The cliché: Last night in his victory speech Obama called Joe Biden "America's happy warrior." It was an amusing way to describe someone who by all accounts has been a fighter, but has often been characterized as more of a "weird uncle" figure. The Hollywood Reporter noted that moments after Obama uttered those words "the phrase shot to the top of Twitter's trending topics with people taking to microblogging website in reaction." Twitchy chronicled those conservatives who took offense at the epithet. But this is not the first time Biden has gotten this nickname. David Weigel at Slate explained that following Biden's debate performance Obama campaign manager Jim Messina said “You saw the vice president be a happy warrior out there." Weigel continued: "In my short time in the Messina scrum, he made the 'happy warrior' reference—a callback to Hubert Humphrey—twice."
Where it's from: The phrase originally comes from a William Wordsworth poem, "Character of the Happy Warrior," written following the death of British war hero Lord Nelson, which begins:
WHO is the happy Warrior? Who is he What every man in arms should wish to be? —It is the generous Spirit, who, when brought Among the tasks of real life, hath wrought Upon the plan that pleased his childish thought: Whose high endeavours are an inward light That makes the path before him always bright: Who, with a natural instinct to discern What knowledge can perform, is diligent to learn, Abides by this resolve, and stops not there, But makes his moral being his prime care;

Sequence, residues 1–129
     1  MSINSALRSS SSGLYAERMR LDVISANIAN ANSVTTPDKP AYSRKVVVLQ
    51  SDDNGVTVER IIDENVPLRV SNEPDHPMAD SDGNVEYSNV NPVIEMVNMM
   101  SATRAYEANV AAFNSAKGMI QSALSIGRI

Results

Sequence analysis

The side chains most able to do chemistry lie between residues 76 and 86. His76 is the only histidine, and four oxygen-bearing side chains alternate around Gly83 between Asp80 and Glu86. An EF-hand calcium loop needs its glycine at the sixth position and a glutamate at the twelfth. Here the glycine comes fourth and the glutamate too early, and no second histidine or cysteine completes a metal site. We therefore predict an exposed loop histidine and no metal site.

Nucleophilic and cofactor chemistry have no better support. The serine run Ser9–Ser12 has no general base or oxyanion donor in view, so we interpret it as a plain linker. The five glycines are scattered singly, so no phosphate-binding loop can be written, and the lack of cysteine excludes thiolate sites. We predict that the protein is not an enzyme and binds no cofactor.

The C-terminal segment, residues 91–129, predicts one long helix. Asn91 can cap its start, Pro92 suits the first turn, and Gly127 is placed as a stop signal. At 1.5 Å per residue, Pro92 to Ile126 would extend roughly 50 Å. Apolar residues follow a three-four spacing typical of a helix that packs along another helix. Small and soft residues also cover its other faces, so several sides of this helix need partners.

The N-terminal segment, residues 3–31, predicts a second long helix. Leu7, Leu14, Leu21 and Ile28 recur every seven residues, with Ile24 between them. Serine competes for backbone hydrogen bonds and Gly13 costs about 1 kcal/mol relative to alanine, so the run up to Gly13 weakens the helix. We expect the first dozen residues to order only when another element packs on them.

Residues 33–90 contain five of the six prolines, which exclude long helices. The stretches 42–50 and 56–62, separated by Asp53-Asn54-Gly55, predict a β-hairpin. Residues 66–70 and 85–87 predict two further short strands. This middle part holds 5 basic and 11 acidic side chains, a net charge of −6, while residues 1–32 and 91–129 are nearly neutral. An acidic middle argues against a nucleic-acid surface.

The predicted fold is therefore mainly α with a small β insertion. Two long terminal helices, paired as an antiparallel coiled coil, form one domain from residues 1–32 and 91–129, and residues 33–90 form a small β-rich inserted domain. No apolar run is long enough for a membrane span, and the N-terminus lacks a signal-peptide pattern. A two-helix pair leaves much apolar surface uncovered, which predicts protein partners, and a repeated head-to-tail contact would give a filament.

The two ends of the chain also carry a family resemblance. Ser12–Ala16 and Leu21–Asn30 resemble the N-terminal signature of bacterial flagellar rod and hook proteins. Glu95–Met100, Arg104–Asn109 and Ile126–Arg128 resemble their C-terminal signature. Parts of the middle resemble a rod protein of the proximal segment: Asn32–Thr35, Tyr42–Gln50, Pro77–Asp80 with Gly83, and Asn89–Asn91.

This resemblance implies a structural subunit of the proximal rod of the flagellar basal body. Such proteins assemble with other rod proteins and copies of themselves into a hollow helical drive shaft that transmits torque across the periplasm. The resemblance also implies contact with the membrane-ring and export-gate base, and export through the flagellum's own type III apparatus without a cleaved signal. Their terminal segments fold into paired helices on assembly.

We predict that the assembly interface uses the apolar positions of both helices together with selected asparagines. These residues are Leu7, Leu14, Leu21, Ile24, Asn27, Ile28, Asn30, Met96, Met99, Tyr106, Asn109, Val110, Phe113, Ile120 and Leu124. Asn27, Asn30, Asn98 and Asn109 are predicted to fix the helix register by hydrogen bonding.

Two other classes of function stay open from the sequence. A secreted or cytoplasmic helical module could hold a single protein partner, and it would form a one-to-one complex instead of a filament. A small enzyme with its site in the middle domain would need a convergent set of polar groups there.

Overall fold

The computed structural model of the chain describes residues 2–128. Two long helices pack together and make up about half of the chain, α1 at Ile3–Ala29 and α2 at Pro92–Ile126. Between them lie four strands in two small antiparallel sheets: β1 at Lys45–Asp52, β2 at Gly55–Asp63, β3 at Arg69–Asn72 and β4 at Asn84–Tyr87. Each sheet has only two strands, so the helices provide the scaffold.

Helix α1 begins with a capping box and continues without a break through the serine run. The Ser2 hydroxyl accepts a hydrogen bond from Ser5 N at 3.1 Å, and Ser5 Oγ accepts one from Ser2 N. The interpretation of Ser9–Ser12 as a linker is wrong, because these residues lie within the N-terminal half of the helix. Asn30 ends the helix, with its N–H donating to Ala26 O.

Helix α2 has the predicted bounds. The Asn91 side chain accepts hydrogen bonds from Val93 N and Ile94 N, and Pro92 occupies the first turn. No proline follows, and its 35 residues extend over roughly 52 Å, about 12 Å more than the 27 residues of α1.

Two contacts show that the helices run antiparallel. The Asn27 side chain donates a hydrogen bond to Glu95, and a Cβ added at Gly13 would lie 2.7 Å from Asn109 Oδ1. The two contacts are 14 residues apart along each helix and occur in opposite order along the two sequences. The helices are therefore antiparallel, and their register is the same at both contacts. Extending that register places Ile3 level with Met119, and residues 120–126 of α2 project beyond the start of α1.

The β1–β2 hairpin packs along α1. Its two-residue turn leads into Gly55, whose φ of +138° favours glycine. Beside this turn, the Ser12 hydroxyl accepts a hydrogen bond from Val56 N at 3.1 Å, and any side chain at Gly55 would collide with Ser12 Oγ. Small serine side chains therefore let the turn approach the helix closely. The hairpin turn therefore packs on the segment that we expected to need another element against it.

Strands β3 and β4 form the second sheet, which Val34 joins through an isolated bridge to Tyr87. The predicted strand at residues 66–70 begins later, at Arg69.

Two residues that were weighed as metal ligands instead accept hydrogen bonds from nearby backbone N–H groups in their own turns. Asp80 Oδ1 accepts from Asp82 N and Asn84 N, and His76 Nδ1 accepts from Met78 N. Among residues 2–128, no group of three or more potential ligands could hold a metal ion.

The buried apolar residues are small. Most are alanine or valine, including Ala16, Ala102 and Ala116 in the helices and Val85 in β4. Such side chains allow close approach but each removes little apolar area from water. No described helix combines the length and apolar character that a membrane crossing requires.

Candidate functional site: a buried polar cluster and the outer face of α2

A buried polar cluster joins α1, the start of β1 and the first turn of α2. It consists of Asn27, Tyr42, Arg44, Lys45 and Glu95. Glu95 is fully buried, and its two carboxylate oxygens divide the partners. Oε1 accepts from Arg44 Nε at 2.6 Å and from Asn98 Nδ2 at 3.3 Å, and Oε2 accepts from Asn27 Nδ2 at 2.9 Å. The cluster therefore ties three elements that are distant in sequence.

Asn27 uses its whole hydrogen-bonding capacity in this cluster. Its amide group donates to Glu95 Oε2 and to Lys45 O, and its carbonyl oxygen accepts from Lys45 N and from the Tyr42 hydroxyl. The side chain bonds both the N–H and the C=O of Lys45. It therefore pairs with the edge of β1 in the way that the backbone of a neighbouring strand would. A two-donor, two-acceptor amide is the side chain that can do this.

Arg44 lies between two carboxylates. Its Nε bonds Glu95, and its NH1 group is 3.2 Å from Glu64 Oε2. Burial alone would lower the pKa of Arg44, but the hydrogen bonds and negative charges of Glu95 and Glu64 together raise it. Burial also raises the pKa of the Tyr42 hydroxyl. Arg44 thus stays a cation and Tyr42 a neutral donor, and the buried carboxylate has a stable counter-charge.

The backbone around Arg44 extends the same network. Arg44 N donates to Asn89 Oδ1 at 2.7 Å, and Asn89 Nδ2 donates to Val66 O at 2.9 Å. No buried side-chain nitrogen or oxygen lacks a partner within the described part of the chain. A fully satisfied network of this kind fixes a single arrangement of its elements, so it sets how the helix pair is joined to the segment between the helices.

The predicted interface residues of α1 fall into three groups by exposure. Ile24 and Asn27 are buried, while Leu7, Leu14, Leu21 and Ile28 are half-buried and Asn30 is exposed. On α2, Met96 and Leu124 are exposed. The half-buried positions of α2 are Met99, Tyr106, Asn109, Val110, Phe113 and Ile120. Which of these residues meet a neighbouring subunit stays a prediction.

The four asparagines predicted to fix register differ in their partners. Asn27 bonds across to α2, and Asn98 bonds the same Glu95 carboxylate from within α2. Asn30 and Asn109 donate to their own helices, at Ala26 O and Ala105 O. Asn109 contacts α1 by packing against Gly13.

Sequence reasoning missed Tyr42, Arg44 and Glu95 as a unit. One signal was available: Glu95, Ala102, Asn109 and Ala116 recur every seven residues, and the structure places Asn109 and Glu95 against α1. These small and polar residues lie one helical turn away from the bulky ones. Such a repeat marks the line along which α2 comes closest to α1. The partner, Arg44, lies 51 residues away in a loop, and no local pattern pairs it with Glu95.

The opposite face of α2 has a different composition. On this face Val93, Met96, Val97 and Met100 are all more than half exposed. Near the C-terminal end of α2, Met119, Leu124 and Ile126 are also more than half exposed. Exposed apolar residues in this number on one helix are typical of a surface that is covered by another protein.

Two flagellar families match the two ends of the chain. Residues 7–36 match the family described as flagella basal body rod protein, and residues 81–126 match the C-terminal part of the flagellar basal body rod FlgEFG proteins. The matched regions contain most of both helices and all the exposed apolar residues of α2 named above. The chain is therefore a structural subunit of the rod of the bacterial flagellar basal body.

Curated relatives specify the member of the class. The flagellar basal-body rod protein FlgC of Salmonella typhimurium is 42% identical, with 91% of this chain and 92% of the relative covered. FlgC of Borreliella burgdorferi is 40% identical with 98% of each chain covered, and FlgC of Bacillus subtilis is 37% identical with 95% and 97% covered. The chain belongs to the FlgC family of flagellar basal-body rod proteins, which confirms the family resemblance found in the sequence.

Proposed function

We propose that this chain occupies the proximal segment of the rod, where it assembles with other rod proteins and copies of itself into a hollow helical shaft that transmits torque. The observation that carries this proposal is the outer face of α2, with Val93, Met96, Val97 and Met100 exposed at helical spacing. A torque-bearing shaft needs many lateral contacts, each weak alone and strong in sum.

Though, as Weigel noted, Hubert Humphrey is often associated with "happy warrior" nickname, it has a political history even before him. The American Spectator wrote in 2006 that Grover Cleveland "loved the poem, would gladly recite it to friends, and directed that it be read at his funeral." But it was politically popularized—as William Safire noted in a 2004 "On Language" column—when F.D.R. used it in a speech nominating New York Governor Al Smith for president at the 1924 Democratic National Convention. Smith's campaign manager Joseph Proskauer claims to have written the speech, and included the happy warrior reference, but F.D.R. was allegedly none-to-happy to include it. Per Safire, F.D.R. tried to write a version of the speech without the reference, and saying ''You can't give poetry to a political convention." Apparently, you can. Obama also called another political figure a happy warrior: Ted Kennedy.
Why it's catching on: Obviously the Obama camp likes giving Biden this label. And it works. Especially in the context of his debate performance, which was characterized by his laugh (hence, the happy) and his feisty responses to Paul Ryan (who, by the way, has also been called a "happy warrior.")
Why else? For liberals, its a term that puts the silliness "uncle Joe" into a more serious context. Perhaps it can be turned into a 2016 slogan.
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